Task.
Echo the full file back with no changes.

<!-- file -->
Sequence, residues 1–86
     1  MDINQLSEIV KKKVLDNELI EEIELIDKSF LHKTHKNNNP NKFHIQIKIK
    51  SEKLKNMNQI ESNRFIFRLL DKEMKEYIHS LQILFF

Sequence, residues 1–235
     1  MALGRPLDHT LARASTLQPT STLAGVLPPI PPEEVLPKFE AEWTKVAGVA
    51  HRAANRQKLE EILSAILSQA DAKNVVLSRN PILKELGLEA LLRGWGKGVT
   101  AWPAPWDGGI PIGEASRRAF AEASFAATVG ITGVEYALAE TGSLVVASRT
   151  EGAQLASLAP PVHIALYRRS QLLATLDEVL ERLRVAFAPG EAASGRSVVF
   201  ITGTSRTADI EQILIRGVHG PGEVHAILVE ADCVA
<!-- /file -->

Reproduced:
Sequence, residues 1–86
     1  MDINQLSEIV KKKVLDNELI EEIELIDKSF LHKTHKNNNP NKFHIQIKIK
    51  SEKLKNMNQI ESNRFIFRLL DKEMKEYIHS LQILFF

Sequence, residues 1–235
     1  MALGRPLDHT LARASTLQPT STLAGVLPPI PPEEVLPKFE AEWTKVAGVA
    51  HRAANRQKLE EILSAILSQA DAKNVVLSRN PILKELGLEA LLRGWGKGVT
   101  AWPAPWDGGI PIGEASRRAF AEASFAATVG ITGVEYALAE TGSLVVASRT
   151  EGAQLASLAP PVHIALYRRS QLLATLDEVL ERLRVAFAPG EAASGRSVVF
   201  ITGTSRTADI EQILIRGVHG PGEVHAILVE ADCVA